Courtiers of the Marble Palace: The Rise and Influence of the Supreme Court Law Clerk (2006)
Courtiers of the Marble Palace is the first systematic examination of the "clerkship institution"—the web of formal and informal norms and rules surrounding the hiring and utilization of law clerks by the individual justices on the United States Supreme Court. Todd Peppers provides an unprecedented view into the work lives of and day-to-day relationships between justices and their clerks; relationships that in some cases have extended to daily breakfasts, games of competitive basketball and tennis, and occasional holiday celebrations. Through personal interviews with fifty-three former clerks and correspondence with an additional ninety, as well as personal interviews with a number of non-clerks, including Justice Antonin Scalia, Peppers has amassed a body of information that reveals the true inner-workings of the clerkship institution.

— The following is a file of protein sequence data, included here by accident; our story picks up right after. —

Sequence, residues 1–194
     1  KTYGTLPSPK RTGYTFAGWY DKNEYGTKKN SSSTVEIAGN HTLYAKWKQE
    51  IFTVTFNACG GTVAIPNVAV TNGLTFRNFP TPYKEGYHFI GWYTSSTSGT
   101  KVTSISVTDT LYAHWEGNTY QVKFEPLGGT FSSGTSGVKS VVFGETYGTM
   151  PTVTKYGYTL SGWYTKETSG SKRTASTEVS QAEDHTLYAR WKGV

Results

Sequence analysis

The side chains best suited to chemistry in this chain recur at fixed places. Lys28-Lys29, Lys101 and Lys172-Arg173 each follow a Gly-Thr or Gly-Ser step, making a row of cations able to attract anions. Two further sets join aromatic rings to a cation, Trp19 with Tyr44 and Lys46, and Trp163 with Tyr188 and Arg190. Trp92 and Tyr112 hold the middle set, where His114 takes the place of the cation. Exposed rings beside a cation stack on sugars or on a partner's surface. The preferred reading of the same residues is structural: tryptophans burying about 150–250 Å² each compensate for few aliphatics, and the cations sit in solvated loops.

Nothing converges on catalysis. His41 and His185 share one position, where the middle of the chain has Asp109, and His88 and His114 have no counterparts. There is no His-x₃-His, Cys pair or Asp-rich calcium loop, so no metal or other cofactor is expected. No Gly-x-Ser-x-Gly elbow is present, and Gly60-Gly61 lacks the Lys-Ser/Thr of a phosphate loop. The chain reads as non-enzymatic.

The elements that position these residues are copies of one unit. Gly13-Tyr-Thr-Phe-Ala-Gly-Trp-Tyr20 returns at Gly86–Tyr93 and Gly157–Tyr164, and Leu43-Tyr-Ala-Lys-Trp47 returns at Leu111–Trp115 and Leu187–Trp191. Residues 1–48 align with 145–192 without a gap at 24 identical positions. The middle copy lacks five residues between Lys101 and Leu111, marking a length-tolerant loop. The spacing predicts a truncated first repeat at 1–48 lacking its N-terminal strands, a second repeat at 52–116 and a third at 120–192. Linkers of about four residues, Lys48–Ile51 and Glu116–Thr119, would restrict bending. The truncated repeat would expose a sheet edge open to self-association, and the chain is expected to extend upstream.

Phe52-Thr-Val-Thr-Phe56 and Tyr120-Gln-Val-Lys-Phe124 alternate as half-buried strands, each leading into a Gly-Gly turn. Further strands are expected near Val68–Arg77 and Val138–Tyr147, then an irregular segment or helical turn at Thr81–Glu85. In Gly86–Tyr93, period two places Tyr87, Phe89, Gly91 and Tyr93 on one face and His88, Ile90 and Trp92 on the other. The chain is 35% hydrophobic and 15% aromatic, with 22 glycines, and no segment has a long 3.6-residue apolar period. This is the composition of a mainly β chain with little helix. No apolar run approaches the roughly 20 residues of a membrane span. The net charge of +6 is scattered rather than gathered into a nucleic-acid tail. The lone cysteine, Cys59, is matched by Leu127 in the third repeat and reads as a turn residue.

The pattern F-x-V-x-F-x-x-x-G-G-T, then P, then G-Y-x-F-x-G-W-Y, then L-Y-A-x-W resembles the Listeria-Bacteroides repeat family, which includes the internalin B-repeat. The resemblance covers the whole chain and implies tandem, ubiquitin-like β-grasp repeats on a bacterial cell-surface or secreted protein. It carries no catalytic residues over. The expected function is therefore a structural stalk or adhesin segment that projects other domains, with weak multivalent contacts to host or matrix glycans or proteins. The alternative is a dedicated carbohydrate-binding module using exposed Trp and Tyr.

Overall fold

With a Foreword by Professor Robert M. O'Neil of the University of Virginia School of Law, former President of the University of Virginia and former law clerk for Justice William J. Brennan, Jr.
Stanford University Press
Courts | Judges | Law | Legal Biography | Legal History | Supreme Court of the United States
Peppers, Todd C., "Courtiers of the Marble Palace: The Rise and Influence of the Supreme Court Law Clerk (2006)" (2006). Books and Chapters. 134.